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Jake, Thanks for the reply. I had found the posts you listed before I did my first post (which is why I put the word 'voltage' in the title) and set up my voltmeter as you have it in the photo where you show 123.9 volts, and my reported voltages were with that procedure. As noted in the thread above, I did not get the control board from AppliancePartsPros.com because the link you have indicates it is out of stock. I got it from the one place I could find it, and for 37$ it was worth a shot. I will try the factory tomorrow, hopefully they will agree to send out a board without the cost and delay of a service call, assuming they have one.

What I still don't get is why the failures should be identical, and in this odd way of having a constant 95V, with occasional surges up to 120V. This cannot be random. I see there appear to be internal fuses buried somewhere in the electronics, so perhaps if one of those blows it would give this error. Usually blown fuses just give 0 V though. The worry is that it is not the control board, but there isn't much else here - the power comes in, goes through wiring to the board, and wiring to the motor. The motor is new, the wiring is fine, the input power is fine. So I'm left with the board. It's just very odd that two different boards give exactly the same error, and that error is not what I'd expect from a short or a blown fuse.
 

Jake

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Yes, I see what your saying.

You may a short in the wires from the control board to the wash motor.

Check your wires thoroughly.

Jake
 

hartigan

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Called Whirlpool. Part is covered, but is not available in the warehouse either, currently 'on order'. The new part when it is made will be $187. However, to have it under warranty requires them to come out, with a service charge of $135 to do what I would do.

Checked the fuses by measuring resistance between terminals P5-2 and P6-3 and it is all good. Wiring looks good.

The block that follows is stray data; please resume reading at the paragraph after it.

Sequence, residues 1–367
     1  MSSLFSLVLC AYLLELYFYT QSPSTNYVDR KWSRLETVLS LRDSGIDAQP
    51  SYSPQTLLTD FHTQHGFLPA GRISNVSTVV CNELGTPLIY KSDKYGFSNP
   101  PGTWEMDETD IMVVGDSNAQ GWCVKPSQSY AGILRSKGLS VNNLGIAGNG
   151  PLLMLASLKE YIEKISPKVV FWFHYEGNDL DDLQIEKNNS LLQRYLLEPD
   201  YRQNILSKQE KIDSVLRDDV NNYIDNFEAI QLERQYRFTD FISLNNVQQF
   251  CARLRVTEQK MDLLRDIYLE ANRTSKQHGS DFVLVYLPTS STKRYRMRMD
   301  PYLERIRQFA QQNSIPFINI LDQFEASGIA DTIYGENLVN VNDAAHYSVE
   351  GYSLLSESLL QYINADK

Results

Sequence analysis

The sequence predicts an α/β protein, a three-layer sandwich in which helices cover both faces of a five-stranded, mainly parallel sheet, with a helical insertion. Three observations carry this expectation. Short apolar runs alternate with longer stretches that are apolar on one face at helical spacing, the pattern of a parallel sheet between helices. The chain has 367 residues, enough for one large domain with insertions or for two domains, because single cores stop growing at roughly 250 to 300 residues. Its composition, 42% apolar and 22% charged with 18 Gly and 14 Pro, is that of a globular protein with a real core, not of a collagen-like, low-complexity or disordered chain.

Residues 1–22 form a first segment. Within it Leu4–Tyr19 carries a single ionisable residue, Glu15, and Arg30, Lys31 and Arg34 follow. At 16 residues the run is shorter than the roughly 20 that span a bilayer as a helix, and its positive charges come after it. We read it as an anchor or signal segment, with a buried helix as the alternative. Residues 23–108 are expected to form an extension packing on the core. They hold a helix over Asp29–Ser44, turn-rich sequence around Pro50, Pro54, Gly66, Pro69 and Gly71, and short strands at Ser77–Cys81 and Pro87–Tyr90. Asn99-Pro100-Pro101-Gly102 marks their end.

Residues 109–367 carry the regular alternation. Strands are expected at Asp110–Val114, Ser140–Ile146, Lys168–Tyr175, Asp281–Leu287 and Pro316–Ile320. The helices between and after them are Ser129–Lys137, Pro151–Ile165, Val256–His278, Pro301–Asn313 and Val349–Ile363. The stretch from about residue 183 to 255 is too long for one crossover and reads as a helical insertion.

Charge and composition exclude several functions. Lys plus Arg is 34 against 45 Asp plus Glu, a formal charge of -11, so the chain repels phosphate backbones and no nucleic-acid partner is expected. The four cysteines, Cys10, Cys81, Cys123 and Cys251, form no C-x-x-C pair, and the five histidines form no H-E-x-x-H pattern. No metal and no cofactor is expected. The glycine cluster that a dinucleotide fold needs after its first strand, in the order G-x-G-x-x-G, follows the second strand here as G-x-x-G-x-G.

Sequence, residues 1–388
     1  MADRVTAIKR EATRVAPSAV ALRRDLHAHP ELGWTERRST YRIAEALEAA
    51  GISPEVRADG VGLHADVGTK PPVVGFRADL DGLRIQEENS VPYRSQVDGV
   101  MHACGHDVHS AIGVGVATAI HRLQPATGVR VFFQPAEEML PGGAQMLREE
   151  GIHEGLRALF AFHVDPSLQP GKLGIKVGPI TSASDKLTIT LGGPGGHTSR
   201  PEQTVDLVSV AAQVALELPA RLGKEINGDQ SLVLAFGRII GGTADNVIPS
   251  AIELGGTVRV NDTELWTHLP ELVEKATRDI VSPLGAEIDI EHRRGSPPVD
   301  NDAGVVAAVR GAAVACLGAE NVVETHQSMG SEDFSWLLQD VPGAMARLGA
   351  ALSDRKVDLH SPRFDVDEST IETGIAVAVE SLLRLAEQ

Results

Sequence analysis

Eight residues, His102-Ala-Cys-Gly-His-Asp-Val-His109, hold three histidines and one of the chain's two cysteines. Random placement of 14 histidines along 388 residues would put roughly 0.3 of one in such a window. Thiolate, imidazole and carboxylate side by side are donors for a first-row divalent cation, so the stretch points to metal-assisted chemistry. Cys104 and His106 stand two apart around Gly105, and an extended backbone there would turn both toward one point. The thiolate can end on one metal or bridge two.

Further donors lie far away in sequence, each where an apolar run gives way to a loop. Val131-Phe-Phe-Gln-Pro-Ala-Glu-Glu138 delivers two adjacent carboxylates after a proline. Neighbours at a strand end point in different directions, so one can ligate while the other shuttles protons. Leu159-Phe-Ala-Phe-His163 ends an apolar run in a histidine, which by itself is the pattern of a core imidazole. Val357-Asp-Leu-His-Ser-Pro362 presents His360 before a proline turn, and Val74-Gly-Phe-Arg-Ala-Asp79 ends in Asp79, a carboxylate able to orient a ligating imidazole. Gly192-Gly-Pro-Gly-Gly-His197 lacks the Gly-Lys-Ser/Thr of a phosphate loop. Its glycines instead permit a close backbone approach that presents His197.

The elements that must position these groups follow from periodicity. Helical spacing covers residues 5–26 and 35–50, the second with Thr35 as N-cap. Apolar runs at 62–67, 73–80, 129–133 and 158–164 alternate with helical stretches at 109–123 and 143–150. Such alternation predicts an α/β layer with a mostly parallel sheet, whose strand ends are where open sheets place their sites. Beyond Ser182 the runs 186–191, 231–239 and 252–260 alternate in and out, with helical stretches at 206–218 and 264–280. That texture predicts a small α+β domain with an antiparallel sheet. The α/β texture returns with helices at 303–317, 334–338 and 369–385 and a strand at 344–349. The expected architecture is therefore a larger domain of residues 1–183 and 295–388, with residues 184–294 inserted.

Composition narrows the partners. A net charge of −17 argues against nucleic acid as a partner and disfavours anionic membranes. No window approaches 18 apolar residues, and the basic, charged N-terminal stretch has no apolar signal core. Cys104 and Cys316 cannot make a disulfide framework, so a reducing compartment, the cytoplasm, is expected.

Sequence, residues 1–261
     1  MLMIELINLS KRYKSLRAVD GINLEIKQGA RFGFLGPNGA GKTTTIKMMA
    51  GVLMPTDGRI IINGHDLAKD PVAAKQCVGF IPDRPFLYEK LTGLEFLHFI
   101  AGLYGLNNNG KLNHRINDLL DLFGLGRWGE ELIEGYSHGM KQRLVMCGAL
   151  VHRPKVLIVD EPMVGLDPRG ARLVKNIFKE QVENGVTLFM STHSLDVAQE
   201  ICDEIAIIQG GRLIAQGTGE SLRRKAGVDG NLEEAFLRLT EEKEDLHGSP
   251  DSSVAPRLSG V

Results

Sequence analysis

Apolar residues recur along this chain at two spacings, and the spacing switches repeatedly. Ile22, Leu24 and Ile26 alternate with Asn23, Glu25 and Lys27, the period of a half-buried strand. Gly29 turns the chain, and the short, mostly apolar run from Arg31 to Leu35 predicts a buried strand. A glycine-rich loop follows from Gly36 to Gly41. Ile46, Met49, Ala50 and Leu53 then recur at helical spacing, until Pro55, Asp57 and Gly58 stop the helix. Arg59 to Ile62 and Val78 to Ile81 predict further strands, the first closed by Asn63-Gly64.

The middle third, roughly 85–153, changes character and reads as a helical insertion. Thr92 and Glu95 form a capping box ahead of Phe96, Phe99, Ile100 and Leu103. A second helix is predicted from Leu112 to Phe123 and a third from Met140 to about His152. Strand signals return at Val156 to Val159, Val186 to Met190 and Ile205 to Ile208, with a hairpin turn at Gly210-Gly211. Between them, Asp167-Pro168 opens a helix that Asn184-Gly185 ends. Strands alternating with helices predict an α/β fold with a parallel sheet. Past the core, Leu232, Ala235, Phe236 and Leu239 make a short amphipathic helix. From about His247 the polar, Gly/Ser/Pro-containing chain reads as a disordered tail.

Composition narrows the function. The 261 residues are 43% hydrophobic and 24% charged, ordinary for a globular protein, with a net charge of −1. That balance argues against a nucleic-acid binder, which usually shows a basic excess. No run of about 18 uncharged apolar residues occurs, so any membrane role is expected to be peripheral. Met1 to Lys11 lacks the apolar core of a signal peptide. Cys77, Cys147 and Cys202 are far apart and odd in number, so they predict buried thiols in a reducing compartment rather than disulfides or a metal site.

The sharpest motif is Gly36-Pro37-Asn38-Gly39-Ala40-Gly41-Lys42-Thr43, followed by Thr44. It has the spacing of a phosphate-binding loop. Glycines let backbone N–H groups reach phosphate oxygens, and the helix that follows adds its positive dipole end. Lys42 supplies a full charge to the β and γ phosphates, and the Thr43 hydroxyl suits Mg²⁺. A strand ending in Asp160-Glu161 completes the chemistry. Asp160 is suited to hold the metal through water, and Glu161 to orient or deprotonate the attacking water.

Jake

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No, Whirlpool should send you that part free of charge with no tech. coming out. CALL them back and say you will install it yourself.

Jake
 

hartigan

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Remeasured the voltages but with the leads attached during the cycle. With the load it now measures roughly 55V, and surges occasionally to 110V. During the surge, the wash motor runs.
 

Jake

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Keep your meter leads on it and see if it stays at 110-120 volts after the surges.

Jake
 

hartigan

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No, it drops.

I've decided what I'm going to try. With load, it has 55V, very similar to the other 'low voltage' post on this forum, where the resolution was a new motor. I've read where a bad motor can provide variable nonzero voltage at the input because there is 'ghost' voltage from the rest of the circuit, and that variation can mimic control board issues when the motor fails. I measured resistance off the 'new' motor and got 20k-Ohms, well outside the allowable range of 5-15 Ohms. So I'm thinking the windings in the motor are partially broken. I hear clicking at the motor that sounds as if it is trying but failing to start. This makes more sense to me than a faulty control board, as it is unclear to me why two different control boards would give identical errors that aren't 0V, and the board looks fine and the fuses are not blown.

So I'm sending the motor back and will get another one to try. It's got to be either the motor or the board, and I've replaced both. The board is out of
stock, so may as well try another motor.
 

Jake

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Ok sounds good, I agree with you on that.

Let us know how it goes with the new wash motor.

Jake
 

hartigan

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RESOLUTION:
It was a bad wash motor. The first one I replaced it with was also bad. The second wash motor W11084656 from RepairClinic was good. What is really helpful is to measure resistance across the power inputs on any new motor. They need to read 5-15 Ohms. The first one read 20k-Ohms, the second one was10 Ohms or so. The control board was not the problem even though the input to the motor was not getting 120V. The 55V under load is apparently a 'ghost' voltage you can get when the motor is bad and its load then changes the circuit.

One other thing - unfortunately I could not find the entire bottom unit in stock at Repair Clinic. This necessitated hooking up the hoses, and those have horrible cheap clamps you are supposed to crimp, meant for one-time usage. This was a problem, as one of them leaked. You cannot replace these with normal hose clamps with screws like from an auto store, because the auto hose clamps are too fat. Fortunately I have an old Honda motorcycle and have some spare clamps that are narrow and (oh-so-barely) fit. With the decent hose clamps, 9mm wide with outside radius of 35mm, the leakage stopped. You can get these, but you'll have to order them. They cost about the same as the junk that comes with the dishwasher, so if you are ordering these you may as well get a type you can unscrew, and reuse.

Thanks for the help in thinking through this, it was a bit of a pain to figure out, but hey, now I have a new control board and new motor so that means it is going to last a long time, right?